How to read a Latin love poem – and powerpoint rage (again)
I am off to the Cheltenham Literary Festival on Sunday to do one of my favourite gigs of the year – and now something of an annual fixture. That is “How to Read a Latin poem” (in Latin), conducted by the usual triumvirate of Peter Stothard, Llewelyn Morgan and me. (Yes, I know I should be finishing my footnotes...!)
To be honest, I think this was Peter’s idea, when the Festival was having a big Classics theme a few years ago. He said that we should offer not just talks and so forth, but what loads of people would love to be able to do, but rarely got the chance – that is read some alpha quality Latin literature in LATIN.
He said “loads of people” would love to do it. But I think deep down everyone really imagined that we would end up spouting enthusiastically to an audience of half a dozen (mostly our mates). In fact we picked a really complicated Ode of Horace (1. 7, the Plancus Ode -- you can click on a link to get the Latin) and had an audience of getting on 200.
So we’ve been invited back. First to do Virgil, then last year some Juvenal and this year we are on to Latin love poetry – with Ovid, Amores 2, 4 (we’ll be looking at two sections in particular; it’s rather too long for the whole) and a small chunk of the first book of the Ars Amatoria. Some good (and racy) stuff (how do you translate “Amores” for a start?). You can get the Latin here.
The division of labour is as it always is. Llew is the guy who teaches Latin for his day job, and he reads it out loud like a dream, with all the right “quantities” and making it sound like a foreign language (I suspect some people come just for that). Peter is the choreographer and stop us getting too airy fairy, wen we should be concentrating on the Latin. And I tend to talk about the cultural context (and definitely, in the case of Ovid, gender context . . . is Ovid really being so very blokeish, or is he sending blokeishness up?).
I also make the visual aids : a power point with the key sections of the Latin text and a horribly literal interlinear translation, so that people can see clearly how the Latin fits together; same think on a photocopied handout for those who cant see the screen; and then another photocopy with a text of the whole poem (in the case of the Amores. – and a bit of general context for Ars Am) plus a nice English translation for people to take away.
The irony is that making all this takes far longer than actually doing the gig or even doing the “thinking” prep. I guess I’ve been crafting this lot for five or six hours now, and I’ve still got more to do. I can't tell you how long it takes to get the interlinear translation to work, matching up the Latin to the English words, especially with Ovid's word order (which is, of course, part of the point).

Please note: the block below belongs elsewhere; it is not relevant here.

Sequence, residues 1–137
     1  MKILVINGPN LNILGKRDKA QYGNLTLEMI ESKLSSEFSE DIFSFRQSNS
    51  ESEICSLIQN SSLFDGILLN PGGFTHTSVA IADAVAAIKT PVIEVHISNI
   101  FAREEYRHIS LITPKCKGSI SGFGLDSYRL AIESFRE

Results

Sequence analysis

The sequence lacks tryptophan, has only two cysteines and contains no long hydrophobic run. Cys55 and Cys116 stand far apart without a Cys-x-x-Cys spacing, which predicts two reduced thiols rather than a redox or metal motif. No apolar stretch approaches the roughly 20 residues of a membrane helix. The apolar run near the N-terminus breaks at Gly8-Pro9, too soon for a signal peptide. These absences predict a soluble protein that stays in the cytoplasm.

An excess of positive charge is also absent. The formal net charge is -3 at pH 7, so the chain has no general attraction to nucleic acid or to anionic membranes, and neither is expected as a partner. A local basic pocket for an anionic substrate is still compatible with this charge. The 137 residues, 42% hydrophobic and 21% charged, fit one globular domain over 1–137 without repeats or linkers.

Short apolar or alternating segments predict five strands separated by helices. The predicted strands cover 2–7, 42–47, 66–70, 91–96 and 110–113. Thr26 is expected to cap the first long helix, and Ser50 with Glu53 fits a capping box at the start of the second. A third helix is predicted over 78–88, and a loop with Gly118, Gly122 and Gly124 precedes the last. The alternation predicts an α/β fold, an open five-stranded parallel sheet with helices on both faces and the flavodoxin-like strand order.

It is, I guess, another example of the iron rule of AV technology: namely that each new innovation takes more and more time.
It’s even more the case with visual images rather than the simple interlinear text. Let me say that I don’t regret a minute of the time I spend on Cheltenham, but what about the more standard teaching fare?. In the old days, as I recall, the whole business of getting pictures for your lectures was supported by specialist staff: you chose the images that you wanted from books, and they were turned into slides by the faculty photographer; and then a projectionist displayed them for you (OK .. how badly paid was that infrastructure?? How toff do I sound?). Now we do it all ourselves. We find the images, we use our own pics, we scan from the books and make our own powerpoints.
OK it is great because you can do it at the last minute. In fact, you have the privilege of doing it at home at 1.00 am. And you can take hours and hours. My question is: is this really a good use of academics’ time? Or rather, if we were to adopt the private sector model, would we be using the last three hours of a very long day constructing a powerpoint presentation? Is this what the high paying students would want us to be doing?
Cheltenham apart, I don’t think so,
(Anyway, if you are free near Cheltenham on Sunday, do come. I think there are still a few tickets. And noone is trying to flog their books, we're just trying to flog Ovid...!)